This is a piece of flash fiction published a few years ago at Small Doggies Magazine in the US of A:

When she discovered the affair, she started with his clothes.

She wanted to create nightmares he would stumble upon, just as he had done for her. His favorite shirt, the only thing he’d ever found to flatter his potato torso, went first. He didn’t make much noise when he found what she had written on it, but it was enough. Later she knelt on the back of his guitar until she heard the wood complain then buckle. And so it went on.

In the shower she would stare at her body, wondering what the hell she was going to do with it now. He did not want it, and neither did she. She knew these small vengeances would not protect her from the concrete impact of the rest of her life, but it was still better than making decisions. The thought of choosing what to wear each morning made her nauseous. In a pocket she found the spare keys to his car and spent an hour or so choosing objects to slip inside the petrol tank. The next day he rang her screaming from the hard shoulder.
“You could have killed me, you know that?” She suddenly realized this was true.
“You already killed me,” she said. “You know that?”

It was a slow expiration, like a balloon taking an age to wither and drift from ceiling to carpet. Marriage had made her immortal, promised her worship without end. She had been a goddess and now she was just a person dying.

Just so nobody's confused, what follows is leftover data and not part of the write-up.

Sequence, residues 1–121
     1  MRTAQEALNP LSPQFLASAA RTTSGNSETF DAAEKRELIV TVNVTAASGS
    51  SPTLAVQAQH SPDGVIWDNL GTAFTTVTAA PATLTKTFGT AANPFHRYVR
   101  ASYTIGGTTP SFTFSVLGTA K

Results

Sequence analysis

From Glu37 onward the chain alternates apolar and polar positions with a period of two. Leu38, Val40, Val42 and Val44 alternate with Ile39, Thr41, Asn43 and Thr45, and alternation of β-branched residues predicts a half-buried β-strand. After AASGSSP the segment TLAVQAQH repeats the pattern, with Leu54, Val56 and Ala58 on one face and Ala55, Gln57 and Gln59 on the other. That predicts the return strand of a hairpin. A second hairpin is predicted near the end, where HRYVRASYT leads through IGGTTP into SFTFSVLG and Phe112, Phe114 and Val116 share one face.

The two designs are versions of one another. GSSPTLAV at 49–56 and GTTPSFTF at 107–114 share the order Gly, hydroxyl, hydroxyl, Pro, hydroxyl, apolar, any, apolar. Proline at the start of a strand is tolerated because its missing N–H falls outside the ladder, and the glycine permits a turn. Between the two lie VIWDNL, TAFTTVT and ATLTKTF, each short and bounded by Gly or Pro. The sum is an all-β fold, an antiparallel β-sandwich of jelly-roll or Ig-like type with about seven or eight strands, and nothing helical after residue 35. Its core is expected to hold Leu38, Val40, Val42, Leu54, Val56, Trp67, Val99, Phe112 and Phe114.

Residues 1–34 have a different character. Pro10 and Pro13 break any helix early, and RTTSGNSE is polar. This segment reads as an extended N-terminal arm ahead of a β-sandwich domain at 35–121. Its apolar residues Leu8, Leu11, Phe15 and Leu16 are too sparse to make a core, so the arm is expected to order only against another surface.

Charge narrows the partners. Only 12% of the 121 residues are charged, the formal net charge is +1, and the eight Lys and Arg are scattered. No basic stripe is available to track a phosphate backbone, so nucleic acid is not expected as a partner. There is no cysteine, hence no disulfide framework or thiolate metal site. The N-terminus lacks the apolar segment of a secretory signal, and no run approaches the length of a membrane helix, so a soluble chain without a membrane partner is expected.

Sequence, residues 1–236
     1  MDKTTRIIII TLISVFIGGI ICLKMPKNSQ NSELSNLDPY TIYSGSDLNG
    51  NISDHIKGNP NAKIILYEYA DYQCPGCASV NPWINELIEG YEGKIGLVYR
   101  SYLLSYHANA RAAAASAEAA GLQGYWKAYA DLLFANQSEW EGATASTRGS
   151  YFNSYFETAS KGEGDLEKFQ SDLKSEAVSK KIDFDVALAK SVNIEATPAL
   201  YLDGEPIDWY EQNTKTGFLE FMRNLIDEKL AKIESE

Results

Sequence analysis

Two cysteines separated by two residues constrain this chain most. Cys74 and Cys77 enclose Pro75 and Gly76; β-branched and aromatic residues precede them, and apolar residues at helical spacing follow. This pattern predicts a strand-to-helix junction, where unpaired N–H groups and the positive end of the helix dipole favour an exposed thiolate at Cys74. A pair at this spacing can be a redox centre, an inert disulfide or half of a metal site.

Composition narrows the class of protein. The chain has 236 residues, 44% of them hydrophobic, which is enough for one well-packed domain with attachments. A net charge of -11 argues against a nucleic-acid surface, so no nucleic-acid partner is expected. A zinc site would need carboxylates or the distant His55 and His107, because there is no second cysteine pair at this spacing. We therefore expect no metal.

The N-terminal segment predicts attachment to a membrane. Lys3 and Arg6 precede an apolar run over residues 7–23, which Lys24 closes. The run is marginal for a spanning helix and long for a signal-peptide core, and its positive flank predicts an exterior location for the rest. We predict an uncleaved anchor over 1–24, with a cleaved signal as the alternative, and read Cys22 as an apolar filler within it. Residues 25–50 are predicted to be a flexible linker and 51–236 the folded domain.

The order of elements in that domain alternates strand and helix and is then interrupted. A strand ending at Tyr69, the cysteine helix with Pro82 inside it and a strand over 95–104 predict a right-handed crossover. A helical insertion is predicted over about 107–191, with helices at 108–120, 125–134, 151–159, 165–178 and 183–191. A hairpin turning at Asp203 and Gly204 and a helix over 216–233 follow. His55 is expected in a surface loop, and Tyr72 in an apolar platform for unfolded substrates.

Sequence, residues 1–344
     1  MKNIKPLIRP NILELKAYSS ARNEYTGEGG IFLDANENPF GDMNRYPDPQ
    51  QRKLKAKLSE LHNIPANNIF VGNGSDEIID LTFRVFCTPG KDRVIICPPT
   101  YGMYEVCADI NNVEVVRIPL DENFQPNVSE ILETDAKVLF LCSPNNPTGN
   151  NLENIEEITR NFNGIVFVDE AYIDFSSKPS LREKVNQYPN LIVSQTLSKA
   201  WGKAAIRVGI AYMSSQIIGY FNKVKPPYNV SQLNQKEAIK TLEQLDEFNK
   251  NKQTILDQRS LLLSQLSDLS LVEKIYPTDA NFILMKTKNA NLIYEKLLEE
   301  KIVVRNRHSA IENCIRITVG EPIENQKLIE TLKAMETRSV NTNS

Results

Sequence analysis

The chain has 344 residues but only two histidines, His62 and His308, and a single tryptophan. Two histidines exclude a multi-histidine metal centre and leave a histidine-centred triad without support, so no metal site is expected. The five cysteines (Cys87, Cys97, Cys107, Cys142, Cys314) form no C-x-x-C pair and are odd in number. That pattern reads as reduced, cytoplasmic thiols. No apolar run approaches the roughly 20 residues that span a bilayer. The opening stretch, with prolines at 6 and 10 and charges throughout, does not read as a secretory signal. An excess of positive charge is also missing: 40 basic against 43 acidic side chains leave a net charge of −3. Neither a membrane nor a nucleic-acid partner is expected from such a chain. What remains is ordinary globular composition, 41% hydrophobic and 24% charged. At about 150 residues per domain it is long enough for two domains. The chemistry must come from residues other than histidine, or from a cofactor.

She knew he would come home drunk enough to not wake when she came into his room. His hair was thin now, and her scissors made no sound. Maneuvering his head onto her lap, she felt a sickening warmth run from his scalp into her thighs. It was the remnants of love, a little gas left in the tank. Just enough to give you a fright. Bald, he looked like a little old man. Her little old man.
“I’m broken,” she said. “Why won’t you break too?”
She rolled him off her lap and onto his front, revealing the small of his back. It was the only beautiful part of his body. Not quite knowing why, she straddled the beautiful, hairless curve and sat down, easing her weight onto him. She closed her eyes, and thought about how they used to sit on each other on that bed and crush the breath and the worry from each other’s lungs and make promises that couldn’t possibly be kept. She started to rock, listening to the unfamiliar, scratchy music it made. Eventually, she opened her eyes.
“Are you finished?” His voice was muffled by the pillows, but she understood the question.
“Yes.” she said. Then she stood up, collected her things and left.